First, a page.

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23

It would theoretically be possible to disprove the Riemann Hypothesis by establishing the existence of a 'too long' string of composite numbers. However, this 'too long' needs to be taken in a relative sense, that is relative to the size of the elements in the string. And, in your example the elements are huge relative to the length of the string.


22

Roughly speaking, according to the Prime Number Theorem, in the region of $x$, on average one integer out of every $\log x$ is prime. Now, Stirling's approximation says that $\log n!$ is roughly $n\log n$; so in the region of $n!$, you would expect one in every $n\log n$ numbers to be prime. This is less than one in every $n$. So to find a run of composite ...


6

$$\int_{n-1}^n\log(x) dx<\int_{n-1}^{n}\log( n) dx=\log(n)$$ using $\log(n)>\log(x)$ for $n-1\leq x<n$. Similarly: $$\int_n^{n+1}\log(x)dx>\int_n^{n+1}\log(n)dx=\log(n)$$


4

They are using the trapezoid rule over $n-1$ intervals: $(1,2), (2,3) \dots (n-1,n)$ The trapezoid rule for the first interval is $\int_1^2f(x)\;dx \approx \frac 12(f(1)+f(2))$ When you add these up over all the intervals, each internal point gets a coefficient $1$, with $\frac 12$ coming from the interval below and $\frac 12$ from the interval above but ...


3

Another case is when $k$ is a constant times $n$. Let $k = a n $ where $0 < a < 1$, so $k/n = a$. Then $\begin{align} \binom{n}{k} &=\frac{n!}{k!(n-k)!}\\\\ &\approx. \frac{\sqrt{2\pi n}(\frac{n}{e})^n} {\sqrt{2\pi k}(\frac{k}{e})^k \sqrt{2\pi (n-k)}(\frac{n-k}{e})^{n-k}}\\\\ &=\frac{1}{\sqrt{2\pi k}(k/n)^k ...


3

Throwing away small singular values gives a low rank approximation, call it $L$, to $A$. Since the Euclidean operator norm of a matrix is the largest singular value, $\| L-A \|_2$ is the largest singular value that was thrown away; call it $\sigma_k$. Hence $$\frac{\| Lx-Ax \|_2}{\| x \|_2} \leq \sigma_k.$$ If you leave behind $\ell$ singular values, then ...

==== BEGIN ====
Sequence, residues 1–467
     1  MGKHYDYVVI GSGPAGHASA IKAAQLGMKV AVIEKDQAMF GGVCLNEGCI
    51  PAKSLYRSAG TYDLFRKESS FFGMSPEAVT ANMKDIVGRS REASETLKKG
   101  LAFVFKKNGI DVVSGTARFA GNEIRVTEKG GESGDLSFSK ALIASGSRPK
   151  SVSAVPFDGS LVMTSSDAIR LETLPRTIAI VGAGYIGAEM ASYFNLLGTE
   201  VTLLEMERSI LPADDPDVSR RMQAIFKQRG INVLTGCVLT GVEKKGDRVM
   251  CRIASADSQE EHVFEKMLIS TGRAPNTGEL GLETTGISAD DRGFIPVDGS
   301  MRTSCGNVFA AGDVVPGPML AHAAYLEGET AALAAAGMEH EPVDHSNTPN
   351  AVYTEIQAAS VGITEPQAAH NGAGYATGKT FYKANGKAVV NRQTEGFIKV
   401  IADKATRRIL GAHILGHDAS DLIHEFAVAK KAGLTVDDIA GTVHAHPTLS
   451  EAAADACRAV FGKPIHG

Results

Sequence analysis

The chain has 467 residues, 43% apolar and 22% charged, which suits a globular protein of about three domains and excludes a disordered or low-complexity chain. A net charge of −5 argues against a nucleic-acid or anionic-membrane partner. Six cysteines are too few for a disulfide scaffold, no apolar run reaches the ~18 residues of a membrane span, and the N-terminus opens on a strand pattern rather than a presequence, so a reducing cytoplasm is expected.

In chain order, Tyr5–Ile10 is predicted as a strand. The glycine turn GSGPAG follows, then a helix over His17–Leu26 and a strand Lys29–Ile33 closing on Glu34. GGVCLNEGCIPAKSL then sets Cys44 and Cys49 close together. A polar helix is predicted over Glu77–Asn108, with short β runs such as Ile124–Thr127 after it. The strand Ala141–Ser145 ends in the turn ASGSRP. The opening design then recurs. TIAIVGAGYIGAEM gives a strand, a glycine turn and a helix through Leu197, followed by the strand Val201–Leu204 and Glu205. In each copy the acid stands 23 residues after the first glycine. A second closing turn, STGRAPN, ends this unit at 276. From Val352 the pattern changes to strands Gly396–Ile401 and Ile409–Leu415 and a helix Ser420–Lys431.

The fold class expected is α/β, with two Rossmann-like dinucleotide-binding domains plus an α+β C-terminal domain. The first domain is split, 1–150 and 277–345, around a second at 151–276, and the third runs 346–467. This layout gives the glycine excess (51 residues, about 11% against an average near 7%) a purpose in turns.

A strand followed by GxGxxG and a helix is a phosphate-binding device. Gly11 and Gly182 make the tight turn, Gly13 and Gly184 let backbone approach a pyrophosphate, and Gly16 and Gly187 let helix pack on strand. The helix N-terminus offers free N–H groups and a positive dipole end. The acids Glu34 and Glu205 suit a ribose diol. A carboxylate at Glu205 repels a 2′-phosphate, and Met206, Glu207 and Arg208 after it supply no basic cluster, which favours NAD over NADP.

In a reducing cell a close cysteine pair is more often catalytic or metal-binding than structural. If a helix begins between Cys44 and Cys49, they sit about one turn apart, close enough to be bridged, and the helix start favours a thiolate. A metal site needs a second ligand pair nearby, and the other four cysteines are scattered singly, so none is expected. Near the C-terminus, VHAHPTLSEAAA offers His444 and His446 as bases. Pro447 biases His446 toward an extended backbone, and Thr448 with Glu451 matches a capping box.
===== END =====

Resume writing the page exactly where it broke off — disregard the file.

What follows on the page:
2

This because on $[n-1,n]$, we have $\,\ln x<\ln n\,$ except at the end point so that by the monotonicity property of the integral: $$\int_{n-1}^n \ln x,\mathrm d\mkern1.5mux<\ln n\,[n-(n-1)]=\ln n.$$ Similarly for the other inequality.


2

Here is how to use the hint:Take $f(x)=\sqrt{x}$. Then $$\int_2^{f(x)}\frac{dt}{(\log t)^k}\leq \frac{1}{(\log 2)^k}\int_2^{f(x)}1 dt$$ due to $\log t$ being a decreasing function in $[2,\sqrt{x}]$. The last integral equals $\sqrt{x}-2$ thus showing that the contribution of the interval $[2,\sqrt{x}]$ is $O(\sqrt{x})$. Using monotonicity we see that the ...


2

Well your series should be $$\sum_{n=0}^{\infty}\frac{(-1)^n(x^{2n+1})}{(2n+1)!}$$ $$ = x-\frac{1}{3!}x^3+\frac{1}{5!}x^5-\dots$$ simply plug in $x=\frac{6\pi}{7}$ and $x=\frac{20\pi}{7}$. Then compare the difference (if the series were perfectly accurate they would be the same, because $\frac{20\pi}{7}=\frac{6\pi}{7}+2\pi$) The error is told by ...


2

I agree that (3) is correct. The reason is that it is easy to check that (3) gives the correct result if $f(x) = 1$, if $f(x) = x$, and with a bit more work if $f(x) = x^2$. Hence this also shows that (3) is indeed a solution of the linear equation system of the previous answer.


2

If you are using IEEE 754 compliant floating point numbers, it may be that square root operations are faster than you might suppose, as the square root operation is directly supported in the standard and any compliant hardware is guaranteed to round correctly (unlike for sine and cosine) and is often using a hardware implementation of the Newton-Raphson ...


2

You could try using the Newton-Raphson method, where you calculate the square root of $x$ in its entirety, using the following update (for iteration $n+1$):- $$y(n+1)=y(n)-\frac{y(n)^2-x}{2y(n)}=0.5\left(y(n)+\frac{x}{y(n)}\right)$$ and setting $y(1)=\lfloor\sqrt x\rfloor$ as a starting value. Thus, for iteration $n+1$, the fractional part $f(x)$ would be ...


2

We have \begin{align} \ln(\cos(x)) & = \dfrac{\ln(\cos^2(x))}2 = \dfrac12 \cdot \ln(1-\sin^2(x)) = - \dfrac12 \sum_{k=1}^{\infty} \dfrac{\sin^{2k}(x)}k\\ & = -\dfrac12 \sin^2(x) - \dfrac14 \sin^4(x) - \cdots\\ & = -\dfrac12 \left(x-\dfrac{x^3}{3!} + \mathcal{O}(x^5)\right)^2-\dfrac14 \left(x + \mathcal{O}(x^3)\right)^4 + \mathcal{O}(x^6)\\ & ...


2

Here is a solution: $$ \frac{1}{2}+\frac{1}{\pi}(\frac{x}{\epsilon}-\frac{x^3}{3\epsilon^{3}}+\frac{x^{5}}{5\epsilon^5}\cdots) $$


2

Yes. But you can approximate anything by anything else. The proper way how to think about it is to consider the error. In this case, it can be proved that, for example, $$ \lim_{x\to 0} \frac{\text{First expression}}{\text{Second expression}}=1. $$ But be careful! The difference, for example, $$ \lim_{x\to 0} (\text{First expression} - \text{Second ...


2